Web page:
The Moffat Tunnel was actually not built by the Denver & Rio Grande
Western Railroad. The massive project was carried out by David Moffat's
Denver & Salt Lake Railway, which dated back as the Denver,
Northwestern & Pacific Railway of 1902 (the DNW&P fell into
bankruptcy in 1912 and was first renamed the Denver & Salt Lake
Railroad and later became the Denver & Salt Lake Railway). Moffat
had holdings and interests in numerous railroad projects over the years,
all of which were located in or around the state of Colorado.
His hope initially with the Denver, Northwestern & Pacific was to
connect a low-grade "Air Line" to Salt Lake City, as requested by the
city of Denver.
As mentioned before, with the resulting bankruptcies the project proved to much more difficult than anticipated. While Moffat spent all of his fortune trying to complete a tortuously steep route between the two cities he neither connected the two before his death in 911 nor before his railroad fell into bankruptcy. What was complete of the D&SL was only completed between Denver and Craig, Colorado (a distance of just over 200-miles, and less than half way to Salt Lake City) using a route that went over the Rocky Mountains at Rollins Pass topping out at over 4% along many stretches of the 23-miles of railroad it took to cross the pass.
It was the highest main line railroad ever built in the United States,
reaching a height of 11,680 feet at the top of pass, and resulted in the
D&SL having astronomical operating costs to move a train over the
line. The tunnel itself began construction in the spring of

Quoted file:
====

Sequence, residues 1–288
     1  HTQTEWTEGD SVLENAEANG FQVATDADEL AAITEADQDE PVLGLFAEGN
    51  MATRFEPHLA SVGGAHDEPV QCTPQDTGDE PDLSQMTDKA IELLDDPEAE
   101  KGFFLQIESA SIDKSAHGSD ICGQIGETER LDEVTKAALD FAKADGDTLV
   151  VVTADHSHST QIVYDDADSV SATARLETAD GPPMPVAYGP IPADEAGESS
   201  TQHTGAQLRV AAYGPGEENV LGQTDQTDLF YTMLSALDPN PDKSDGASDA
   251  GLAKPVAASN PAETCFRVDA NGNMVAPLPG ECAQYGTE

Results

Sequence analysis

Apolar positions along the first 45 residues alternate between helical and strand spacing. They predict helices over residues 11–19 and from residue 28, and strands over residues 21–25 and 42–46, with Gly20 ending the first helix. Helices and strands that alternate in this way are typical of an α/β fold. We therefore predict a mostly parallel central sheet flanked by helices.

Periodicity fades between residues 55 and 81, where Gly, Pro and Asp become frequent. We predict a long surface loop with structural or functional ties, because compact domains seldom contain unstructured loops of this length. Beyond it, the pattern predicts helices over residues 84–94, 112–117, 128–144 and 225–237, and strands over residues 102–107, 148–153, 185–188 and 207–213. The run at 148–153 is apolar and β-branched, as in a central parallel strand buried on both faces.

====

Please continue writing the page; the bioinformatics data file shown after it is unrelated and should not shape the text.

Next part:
1922, and was mostly financed by the city of Denver and state of
Colorado, which need to efficiently connect the city of Pueblo that had
recently been devastated by flooding. As is the case with many construction projects, estimates to build Moffat Tunnel, which passed under James Peak of the Rocky Mountain Range, proved to be far too low.
For instance, poor and unstable rock deposits on the west end of the bore drove up construction costs and it took the state three additional bonds to finally complete the tunnel. On February 18, 1926 both construction crews finally met although it took two additional years until mid-winter 1928 that the first train passed through the 6.21-mile bore. The final costs of the tunnel, with interest, rang up to nearly $24 million, a phenomenally expensive project for that era. It costs 28 workers their lives and took nearly six years to complete before the first train used the tunnel.
However, the tunnel not only cut out 23-miles of steep and dangerous railroad it also cut down operating times by hours. In 1931 the D&RGW took over the Denver & Salt Lake's subsidiary the Denver & Salt Lake Western and used the railroad to complete the Dotsero Cutoff near the tunnel, further reducing grades and transit times. Although the D&RGW fell into bankruptcy in 1935 it emerged in 1947 with ownership of the D&SL itself. While the Rio Grande became part of the Union Pacific 1996 through its purchase of the Southern Pacific (the Rio Grande had purchased the SP in 1988 but took the SP's name due to its prominence as larger and more well known system), the Moffat Tunnel continues to be an important artery today carrying not only freight trains but also Amtrak's California Zephyr. For more reading and history about the famous tunnel please click here.
For an in-depth look at how the tunnel was constructed and built you might want to consider the book The Moffat Line: David Moffat's Railroad Over And Under The Continental Divide by author John Sells. Released by iUniverse Publishing in 2011, it is 140 pages in length and provides a good look at how Moffat and his Denver & Salt Lake Railway achieved the difficult task of completing a low-grade, direct rail line through the Rocky Mountains. If you're interested in perhaps purchasing this book please visit
the link below.